From Tech to Biotech

Gilead CFO Robin Washington has overseen an ERP implementation and the company's $11 billion acquisition of Pharmasset.

Robin Washington was a veteran of technology companies when she joined Gilead Sciences as CFO in May 2008, shortly before the financial markets imploded. Since then, she’s led the biopharmaceutical company through a major ERP implementation and one of biotech’s biggest acquisitions.

Washington was previously controller at enterprise software provider PeopleSoft, where she was positioned to take over as CFO when the company was acquired by Oracle in 2004. Washington then signed on as CFO at Hyperion Solutions, but Hyperion was also acquired by Oracle. Washington decided it was time to consider opportunities in some fast-growing industry outside of enterprise software.

When she was approached by Gilead, Washington remembered that her last science class had been high school biology. Nevertheless, she took the challenge. Although she recalls digging in to understand Gilead’s business as one of the top challenges in her career, “the great thing about finance is that the skill set is very transferable,” she says.

As CFO at Gilead, which had $8.1 billion in 2011 revenue, Washington faced an ERP project gone awry. Software had been chosen and implementation had just begun when she arrived. Over the next 13 months, she guided the initiative back on track by focusing on the three key factors she sees as transcending industries: people, processes and technology.

Washington pursued a “job-leveling exercise” aimed at ensuring that finance executives’ titles and responsibilities matched appropriately and that promotions stemmed from the “functional depth and scalability of our people” rather than years on the job, she says.

Based on her experience at Tandem Computers, she encouraged finance executives to shift regularly to new positions and promoted those who took advantage of such opportunities. They, after all, had developed new functional skills and perhaps also project management skills and the ability to work in other cultures.

“You want people who can think outside the box and be agents for change, not only coming up with the changes but being able to implement them,” Washington says. Emphasizing employee development “results in lower turnover, but more importantly people with better skill sets and alignment with the company’s goals and objectives,” she says. “As the company scales [in size], our employees can also scale.”

Washington says consistent processes are also key for a global company. Often there’s a tendency to look at how differently things are done across a company, she says, but argues that it’s more effective to recognize the 80% of processes that are done the same way and “figure out how to nuance the remaining 20%.” Companies have to “create processes that are as consistent as possible to be as efficient as possible,” she says.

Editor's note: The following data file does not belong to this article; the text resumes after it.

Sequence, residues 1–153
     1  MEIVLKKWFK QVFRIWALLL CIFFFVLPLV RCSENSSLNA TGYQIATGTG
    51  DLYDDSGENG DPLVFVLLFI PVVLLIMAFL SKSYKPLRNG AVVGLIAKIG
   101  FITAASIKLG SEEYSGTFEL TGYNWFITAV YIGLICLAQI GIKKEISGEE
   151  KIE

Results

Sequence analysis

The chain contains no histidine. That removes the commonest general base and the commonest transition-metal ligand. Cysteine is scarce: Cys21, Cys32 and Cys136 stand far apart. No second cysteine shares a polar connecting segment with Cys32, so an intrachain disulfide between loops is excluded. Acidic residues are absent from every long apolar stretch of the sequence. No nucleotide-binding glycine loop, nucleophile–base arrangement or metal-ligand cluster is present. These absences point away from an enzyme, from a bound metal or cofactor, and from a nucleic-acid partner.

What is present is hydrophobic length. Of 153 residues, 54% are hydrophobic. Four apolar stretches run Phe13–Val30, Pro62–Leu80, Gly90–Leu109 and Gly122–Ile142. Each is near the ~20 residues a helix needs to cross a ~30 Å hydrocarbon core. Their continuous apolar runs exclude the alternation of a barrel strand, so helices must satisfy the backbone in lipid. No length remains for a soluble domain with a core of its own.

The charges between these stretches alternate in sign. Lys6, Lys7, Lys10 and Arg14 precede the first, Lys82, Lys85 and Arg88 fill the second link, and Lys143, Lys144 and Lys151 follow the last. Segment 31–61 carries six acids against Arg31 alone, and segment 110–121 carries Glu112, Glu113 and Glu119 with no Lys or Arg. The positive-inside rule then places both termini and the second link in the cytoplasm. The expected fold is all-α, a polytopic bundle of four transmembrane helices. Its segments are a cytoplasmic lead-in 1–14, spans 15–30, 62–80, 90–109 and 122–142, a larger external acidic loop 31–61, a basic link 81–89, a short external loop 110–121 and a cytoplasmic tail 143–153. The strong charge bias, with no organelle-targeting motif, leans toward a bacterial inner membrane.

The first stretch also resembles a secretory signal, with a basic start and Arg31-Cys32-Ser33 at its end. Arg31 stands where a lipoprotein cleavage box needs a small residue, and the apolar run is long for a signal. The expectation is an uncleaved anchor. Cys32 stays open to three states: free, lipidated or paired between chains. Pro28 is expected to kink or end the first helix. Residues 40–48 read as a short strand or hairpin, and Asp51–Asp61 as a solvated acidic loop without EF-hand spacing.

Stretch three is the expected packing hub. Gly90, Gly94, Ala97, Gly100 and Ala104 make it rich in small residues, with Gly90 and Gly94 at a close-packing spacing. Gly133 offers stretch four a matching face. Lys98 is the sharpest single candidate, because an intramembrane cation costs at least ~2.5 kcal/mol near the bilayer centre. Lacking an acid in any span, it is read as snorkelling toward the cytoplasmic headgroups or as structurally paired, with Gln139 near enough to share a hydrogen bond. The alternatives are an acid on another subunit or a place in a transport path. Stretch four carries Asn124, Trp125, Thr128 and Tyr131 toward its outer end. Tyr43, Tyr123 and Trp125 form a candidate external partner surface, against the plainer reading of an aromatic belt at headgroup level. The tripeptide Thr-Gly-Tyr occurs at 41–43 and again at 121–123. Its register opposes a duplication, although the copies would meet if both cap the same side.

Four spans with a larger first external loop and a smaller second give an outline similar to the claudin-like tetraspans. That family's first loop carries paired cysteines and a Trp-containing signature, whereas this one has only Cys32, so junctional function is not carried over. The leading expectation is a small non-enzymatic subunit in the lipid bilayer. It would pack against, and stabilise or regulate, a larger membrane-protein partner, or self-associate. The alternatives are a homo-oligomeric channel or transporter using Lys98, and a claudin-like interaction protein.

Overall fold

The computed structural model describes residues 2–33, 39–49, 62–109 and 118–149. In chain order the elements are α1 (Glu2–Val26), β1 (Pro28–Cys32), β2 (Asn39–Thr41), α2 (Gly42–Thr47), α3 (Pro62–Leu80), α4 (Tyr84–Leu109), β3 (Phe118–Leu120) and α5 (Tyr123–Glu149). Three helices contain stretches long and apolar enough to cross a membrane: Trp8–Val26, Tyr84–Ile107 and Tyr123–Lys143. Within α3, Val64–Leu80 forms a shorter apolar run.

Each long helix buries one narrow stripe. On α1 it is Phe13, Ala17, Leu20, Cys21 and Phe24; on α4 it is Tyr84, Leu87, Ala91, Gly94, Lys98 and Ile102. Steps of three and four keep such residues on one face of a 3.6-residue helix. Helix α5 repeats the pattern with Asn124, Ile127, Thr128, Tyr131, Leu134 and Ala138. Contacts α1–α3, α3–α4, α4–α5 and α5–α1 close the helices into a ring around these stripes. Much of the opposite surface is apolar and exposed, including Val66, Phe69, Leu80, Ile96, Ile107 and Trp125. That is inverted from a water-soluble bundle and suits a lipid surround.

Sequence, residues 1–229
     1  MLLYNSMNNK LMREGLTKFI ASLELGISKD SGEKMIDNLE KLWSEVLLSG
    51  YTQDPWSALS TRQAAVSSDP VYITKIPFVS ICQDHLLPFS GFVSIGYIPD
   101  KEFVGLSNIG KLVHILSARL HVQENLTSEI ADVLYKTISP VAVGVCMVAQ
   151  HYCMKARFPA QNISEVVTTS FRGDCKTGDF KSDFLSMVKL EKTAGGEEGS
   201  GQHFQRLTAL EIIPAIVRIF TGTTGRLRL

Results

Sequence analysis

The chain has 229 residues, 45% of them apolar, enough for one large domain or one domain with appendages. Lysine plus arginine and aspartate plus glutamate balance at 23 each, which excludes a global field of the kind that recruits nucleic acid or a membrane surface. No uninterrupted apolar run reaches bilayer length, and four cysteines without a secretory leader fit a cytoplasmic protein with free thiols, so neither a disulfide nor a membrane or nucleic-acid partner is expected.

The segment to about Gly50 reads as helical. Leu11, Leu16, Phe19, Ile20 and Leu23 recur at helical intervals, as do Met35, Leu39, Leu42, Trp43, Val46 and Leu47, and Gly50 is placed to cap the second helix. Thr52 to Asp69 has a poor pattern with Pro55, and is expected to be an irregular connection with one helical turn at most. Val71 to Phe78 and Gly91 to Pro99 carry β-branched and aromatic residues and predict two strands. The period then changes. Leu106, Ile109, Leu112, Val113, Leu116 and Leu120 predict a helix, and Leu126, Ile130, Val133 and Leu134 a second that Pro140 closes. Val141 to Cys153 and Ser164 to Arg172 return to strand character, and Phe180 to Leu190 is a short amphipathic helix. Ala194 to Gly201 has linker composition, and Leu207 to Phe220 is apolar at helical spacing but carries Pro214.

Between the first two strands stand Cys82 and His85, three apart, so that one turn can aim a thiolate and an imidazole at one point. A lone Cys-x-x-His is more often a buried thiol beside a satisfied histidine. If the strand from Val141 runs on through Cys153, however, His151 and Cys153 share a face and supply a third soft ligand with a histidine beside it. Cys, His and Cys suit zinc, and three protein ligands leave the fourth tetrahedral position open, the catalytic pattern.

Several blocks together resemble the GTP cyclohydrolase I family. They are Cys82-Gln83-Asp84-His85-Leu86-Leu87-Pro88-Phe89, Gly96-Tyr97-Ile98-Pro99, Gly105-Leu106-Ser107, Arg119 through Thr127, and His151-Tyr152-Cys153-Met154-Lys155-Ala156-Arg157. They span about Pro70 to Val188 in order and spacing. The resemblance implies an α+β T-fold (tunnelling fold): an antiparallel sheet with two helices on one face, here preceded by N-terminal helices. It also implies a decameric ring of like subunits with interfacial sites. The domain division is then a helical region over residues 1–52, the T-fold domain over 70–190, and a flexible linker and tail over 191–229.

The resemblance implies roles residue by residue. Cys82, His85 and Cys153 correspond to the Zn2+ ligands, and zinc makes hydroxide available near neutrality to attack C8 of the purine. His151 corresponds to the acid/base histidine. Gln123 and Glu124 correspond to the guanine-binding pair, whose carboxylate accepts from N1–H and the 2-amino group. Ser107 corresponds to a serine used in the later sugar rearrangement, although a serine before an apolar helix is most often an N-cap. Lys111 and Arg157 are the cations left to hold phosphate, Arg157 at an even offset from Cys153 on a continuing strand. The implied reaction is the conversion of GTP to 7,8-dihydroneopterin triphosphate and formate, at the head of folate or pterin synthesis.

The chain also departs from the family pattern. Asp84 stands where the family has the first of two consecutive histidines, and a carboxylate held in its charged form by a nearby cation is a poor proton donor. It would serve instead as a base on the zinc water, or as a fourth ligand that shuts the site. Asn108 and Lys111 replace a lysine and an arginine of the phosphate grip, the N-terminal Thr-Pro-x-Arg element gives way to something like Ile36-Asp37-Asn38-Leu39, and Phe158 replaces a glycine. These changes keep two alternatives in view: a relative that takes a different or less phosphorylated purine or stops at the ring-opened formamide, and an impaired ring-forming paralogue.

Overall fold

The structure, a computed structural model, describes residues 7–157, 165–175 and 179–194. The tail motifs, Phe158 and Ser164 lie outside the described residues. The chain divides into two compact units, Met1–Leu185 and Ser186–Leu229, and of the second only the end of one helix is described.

She says technology improves efficiency and effectiveness by “forcing consistent processes,” so that “when you buy software, you look for functionality a lot of people can use.”

More recently, Washington worked to improve Gilead’s credit ratings, achieving investment-grade ratings early last year. She attributes that success to the initial challenge she faced when she joined the company, that of thoroughly understanding a new industry.

“You have to understand the drivers behind the numbers,” Washington says, “I had to understand areas such as research and development and use that information to validate [for the rating agencies] that we were on the right road strategically.”

Achieving investment-grade ratings paved the way for Gilead’s $11 billion acquisition of Pharmasset, which closed in January.

Washington has also pursued a flexible capital strategy aimed at maximizing shareholder value. Early in her tenure, after determining Gilead’s R&D pipeline was undervalued, she emphasized stock buybacks over dividends. Gilead continued to invest in its pipeline, but with the Pharmasset acquisition, the emphasis has shifted away from buybacks and back to R&D.

“The valuation of our company has gone up because we were able to make an investment that grows our pipeline and the top line of the company’s revenues, while also diversifying our business,” Washington says.

 

See the 2012 Women in Finance list here.

See Part I of the Women in Finance slideshow here, Part II here and Part III here.

See the 2011 Women in Finance list here.

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